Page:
The President of 1960 – John F.
KennedyOn November 22, 1963, when he was hardly past his first thousand days in office, John F. Kennedy was killed by an assassin’s bullets as his car wound through Dallas, Texas. Kennedy was the youngest man elected President; he was the youngest to die.
Of Irish descent, he was born in Brookline, Massachusetts, on May 29, 1917. Graduating from Harvard in 1940, he entered the Navy. In 1943, when his PT boat was rammed and sunk by a Japanese destroyer, Kennedy, despite grave injuries, led the survivors through perilous waters to safety.
Back from the war, he became a Democratic Congressman from the Boston area, advancing in 1953 to the Senate. He married Jacqueline Bouvier on September 12, 1953. In 1955, while recuperating from a military operation, he wrote Profiles in Courage, which won the Pulitzer Prize in history. In 1956 Kennedy almost gained the Democratic nomination for Vice President, and four years later was a first-ballot nominee for President. Millions watched his television debates with the Republican candidate, Richard M. Nixon. Winning by a narrow margin in the popular vote, Kennedy became the first Roman Catholic President.
His Inaugural Address offered the memorable quote: “Ask not what your country can do for you–ask what you can do for your country.” As President, he set out to redeem his campaign pledge to get America moving again. His economic programs launched the country on its longest sustained expansion since World War II; before his death, he laid plans for a massive assault on persisting pockets of privation and poverty. Responding to ever more urgent demands, he took vigorous action in the cause of equal rights, calling for new civil rights legislation. His vision of America extended to the quality of the national culture and the central role of the arts in a vital society. He wished America to resume its old mission as the first nation dedicated to the revolution of human rights.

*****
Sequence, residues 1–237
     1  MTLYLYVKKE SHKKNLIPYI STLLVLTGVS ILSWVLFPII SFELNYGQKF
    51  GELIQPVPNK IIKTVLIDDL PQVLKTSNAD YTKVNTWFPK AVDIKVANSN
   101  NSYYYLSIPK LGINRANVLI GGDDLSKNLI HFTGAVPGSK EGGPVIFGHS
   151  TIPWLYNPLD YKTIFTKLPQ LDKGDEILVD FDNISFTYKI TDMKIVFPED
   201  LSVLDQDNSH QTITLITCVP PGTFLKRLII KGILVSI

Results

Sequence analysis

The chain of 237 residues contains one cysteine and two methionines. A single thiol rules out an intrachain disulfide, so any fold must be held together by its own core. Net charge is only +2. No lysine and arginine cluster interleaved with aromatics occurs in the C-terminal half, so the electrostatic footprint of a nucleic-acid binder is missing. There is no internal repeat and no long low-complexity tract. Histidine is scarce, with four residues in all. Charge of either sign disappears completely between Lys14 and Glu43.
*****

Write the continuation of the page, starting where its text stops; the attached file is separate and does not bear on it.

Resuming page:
With the Alliance for Progress and the Peace Corps, he brought American idealism to the aid of developing nations. But the hard reality of the Communist challenge remained. Shortly after his inauguration, Kennedy permitted a band of Cuban exiles, already armed and trained, to invade their homeland. The attempt to overthrow Fidel Castro was a failure. Soon thereafter, the Soviet Union renewed its campaign against West Berlin.
Kennedy replied by reinforcing the Berlin garrison and increasing the Nation’s military strength, including new efforts in outer space. Confronted by this reaction, Moscow, after the erection of the Berlin Wall, relaxed its pressure in central Europe. Instead, the Russians now sought to install nuclear missiles in Cuba.
When this was discovered by air reconnaissance in October 1962, Kennedy imposed a quarantine on all offensive weapons bound for Cuba. While the world trembled on the brink of nuclear war, the Russians backed down and agreed to take the missiles away. The American response to the Cuban crisis evidently persuaded Moscow of the futility of nuclear blackmail. Kennedy now contended that both sides had a vital interest in stopping the spread of nuclear weapons and slowing the arms race–a contention which led to the test ban treaty of 1963. The months after the Cuban crisis showed significant progress toward his goal of “a world of law and free choice, banishing the world of war and coercion.
” His administration thus saw the beginning of new hope for both the equal rights of Americans and the peace of the world.The President of 1964 – Lyndon B. JohnsonIn Lyndon B. Johnson’s first years of office he obtained passage of one of the most extensive legislative programs in the Nation’s history.
Maintaining collective security, he carried on the rapidly growing struggle to restrain Communism in Viet Nam. Johnson was born on August 27, 1908, in central Texas, not far from Johnson City, which his family had helped settle. He felt the pinch of rural poverty as he grew up, working his way through Southwest Texas State Teachers College; he learned compassion for the poverty of others when he taught students of Mexican descent. In 1937 he campaigned successfully for the House of Representatives on a New Deal platform, effectively aided by his wife, the former Claudia “Lady Bird” Taylor, whom he had married in 1934. During World War II he served briefly in the Navy as a lieutenant commander, winning a Silver Star in the South Pacific.
After six terms in the House, Johnson was elected to the Senate in 1948. In 1953, he became the youngest Minority Leader in Senate history, and the following year, when the Democrats won control. With rare skill he obtained passage of a number of key Eisenhower measures. In the 1960 campaign, Johnson, as John F.
Kennedy’s running mate, was elected Vice President. On November 22, 1963, when Kennedy was assassinated, Johnson was sworn in as President. First he obtained enactment of the measures President Kennedy had been urging at the time of his death–a new civil rights bill and a tax cut.